Indians And The English Colonies

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The treatment of the Indians in the English colonies varied greatly. The treatment depended on where the Indians lived and who the settlers were that settled near them.

When Roger Williams arrived in Massachusetts in 1631, he questioned the colonists' right to take Indian lands without paying for them. Williams felt as though it was unfair and tried to get the colonists to pay. Because William's views angered the Puritan leaders, in 1635 the General Court ordered him back to England. Governor Winthrop warned Williams that if he went back to England, he might be arrested. Williams then fled to the area of the Narragansett Indians. William Penn, who started the colony of Pennsylvania, was also kind to the Indians. Penn believed in dealing fairly with the Delawares. The Delawares were Penn's Indian neighbors. William Penn learned the Delawares language and bought their land for fair prices. Because of Penn's fairness the Pennsylvanians and the Delawares lived in peace for many years.

The success of Pennsylvania and Dealware came from the fairness rule of William Penn between the colonists and the Delawares. If William Penn had chosen to take the Indians land and treated them unfairly, there would be no success in Pennsylvania or Delaware.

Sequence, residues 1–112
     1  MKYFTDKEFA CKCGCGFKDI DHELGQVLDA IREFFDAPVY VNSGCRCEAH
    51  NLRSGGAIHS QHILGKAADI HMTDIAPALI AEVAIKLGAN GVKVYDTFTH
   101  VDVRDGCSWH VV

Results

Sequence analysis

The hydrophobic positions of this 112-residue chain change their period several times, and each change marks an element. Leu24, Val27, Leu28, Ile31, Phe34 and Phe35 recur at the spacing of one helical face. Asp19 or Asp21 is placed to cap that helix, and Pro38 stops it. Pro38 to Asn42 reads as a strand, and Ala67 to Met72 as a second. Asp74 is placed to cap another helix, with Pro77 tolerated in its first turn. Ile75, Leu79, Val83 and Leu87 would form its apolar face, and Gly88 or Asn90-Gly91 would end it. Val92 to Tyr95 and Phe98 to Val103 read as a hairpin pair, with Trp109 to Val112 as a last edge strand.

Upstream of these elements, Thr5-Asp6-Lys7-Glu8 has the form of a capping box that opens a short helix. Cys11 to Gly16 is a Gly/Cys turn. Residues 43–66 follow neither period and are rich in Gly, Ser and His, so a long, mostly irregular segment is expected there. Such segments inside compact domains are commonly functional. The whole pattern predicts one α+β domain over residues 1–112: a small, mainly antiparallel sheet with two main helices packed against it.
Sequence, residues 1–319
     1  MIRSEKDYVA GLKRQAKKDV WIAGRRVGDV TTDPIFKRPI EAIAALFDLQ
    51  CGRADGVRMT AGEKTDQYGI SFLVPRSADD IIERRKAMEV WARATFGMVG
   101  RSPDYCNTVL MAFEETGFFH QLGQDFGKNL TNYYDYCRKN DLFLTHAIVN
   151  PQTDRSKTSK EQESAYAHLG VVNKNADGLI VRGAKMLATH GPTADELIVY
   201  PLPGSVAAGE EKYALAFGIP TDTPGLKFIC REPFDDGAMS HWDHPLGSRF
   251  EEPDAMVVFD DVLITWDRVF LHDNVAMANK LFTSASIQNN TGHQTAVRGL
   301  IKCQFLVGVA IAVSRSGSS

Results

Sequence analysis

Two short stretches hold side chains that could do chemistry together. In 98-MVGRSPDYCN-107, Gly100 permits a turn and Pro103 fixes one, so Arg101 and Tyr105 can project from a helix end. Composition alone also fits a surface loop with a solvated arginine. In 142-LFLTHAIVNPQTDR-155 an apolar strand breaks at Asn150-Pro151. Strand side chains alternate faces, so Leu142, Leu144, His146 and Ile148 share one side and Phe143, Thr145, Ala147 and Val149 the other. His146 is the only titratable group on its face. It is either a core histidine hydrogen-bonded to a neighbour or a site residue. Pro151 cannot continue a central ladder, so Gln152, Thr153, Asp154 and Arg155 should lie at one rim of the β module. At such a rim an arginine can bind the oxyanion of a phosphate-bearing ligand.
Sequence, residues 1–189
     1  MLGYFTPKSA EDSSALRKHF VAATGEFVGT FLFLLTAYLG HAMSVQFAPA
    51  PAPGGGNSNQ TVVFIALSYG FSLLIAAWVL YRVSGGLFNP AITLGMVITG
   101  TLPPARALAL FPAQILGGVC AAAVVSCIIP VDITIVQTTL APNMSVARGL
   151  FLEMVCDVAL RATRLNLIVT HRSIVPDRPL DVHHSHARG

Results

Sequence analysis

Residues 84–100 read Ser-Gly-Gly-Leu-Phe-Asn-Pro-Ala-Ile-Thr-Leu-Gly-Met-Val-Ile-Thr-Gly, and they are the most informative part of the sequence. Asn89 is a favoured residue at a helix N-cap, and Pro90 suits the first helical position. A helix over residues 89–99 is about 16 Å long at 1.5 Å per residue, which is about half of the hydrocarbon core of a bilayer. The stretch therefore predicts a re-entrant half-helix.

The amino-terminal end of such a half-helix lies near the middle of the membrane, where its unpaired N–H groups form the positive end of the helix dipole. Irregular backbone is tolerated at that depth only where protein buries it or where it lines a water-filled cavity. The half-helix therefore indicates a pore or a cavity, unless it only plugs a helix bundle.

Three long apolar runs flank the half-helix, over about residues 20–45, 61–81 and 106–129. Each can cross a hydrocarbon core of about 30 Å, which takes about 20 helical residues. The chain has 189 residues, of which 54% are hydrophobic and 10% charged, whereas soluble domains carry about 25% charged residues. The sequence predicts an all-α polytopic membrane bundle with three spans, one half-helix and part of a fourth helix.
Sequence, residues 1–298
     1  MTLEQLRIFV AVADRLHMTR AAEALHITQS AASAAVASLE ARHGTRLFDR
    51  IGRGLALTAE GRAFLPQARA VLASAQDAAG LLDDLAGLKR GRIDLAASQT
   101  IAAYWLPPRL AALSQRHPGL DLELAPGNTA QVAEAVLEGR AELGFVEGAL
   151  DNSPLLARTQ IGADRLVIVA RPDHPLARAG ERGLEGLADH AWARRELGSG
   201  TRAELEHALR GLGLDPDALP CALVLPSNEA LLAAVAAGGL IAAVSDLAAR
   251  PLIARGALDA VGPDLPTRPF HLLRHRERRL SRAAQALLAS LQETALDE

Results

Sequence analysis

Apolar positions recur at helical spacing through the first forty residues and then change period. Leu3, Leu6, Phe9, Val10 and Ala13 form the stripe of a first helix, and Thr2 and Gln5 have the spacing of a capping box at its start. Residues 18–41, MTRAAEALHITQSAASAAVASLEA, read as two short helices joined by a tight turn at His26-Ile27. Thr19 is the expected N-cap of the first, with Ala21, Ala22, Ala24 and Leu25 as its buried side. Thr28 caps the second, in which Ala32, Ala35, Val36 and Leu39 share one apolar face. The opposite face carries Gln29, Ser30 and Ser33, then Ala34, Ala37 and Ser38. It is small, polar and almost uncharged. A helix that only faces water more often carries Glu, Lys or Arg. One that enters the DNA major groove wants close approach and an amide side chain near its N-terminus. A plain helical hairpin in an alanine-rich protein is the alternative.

As tobacco farms spread along the James River, planters were expanding into the lands of the neighboring Indian tribes. For the protection of their land and families, the Indian warriors attacked the colony in March 1622. The Indians had killed 347 of the settlers. One being John Rolfe, who was the husband to Pocahontas, who later died in England of smallpox. The colonists fought back and broke the power of the Virginia tribes.

Throughout New England, the Puritans spread quickly on what seemed to be unsettled land. They were spreading into the land where...



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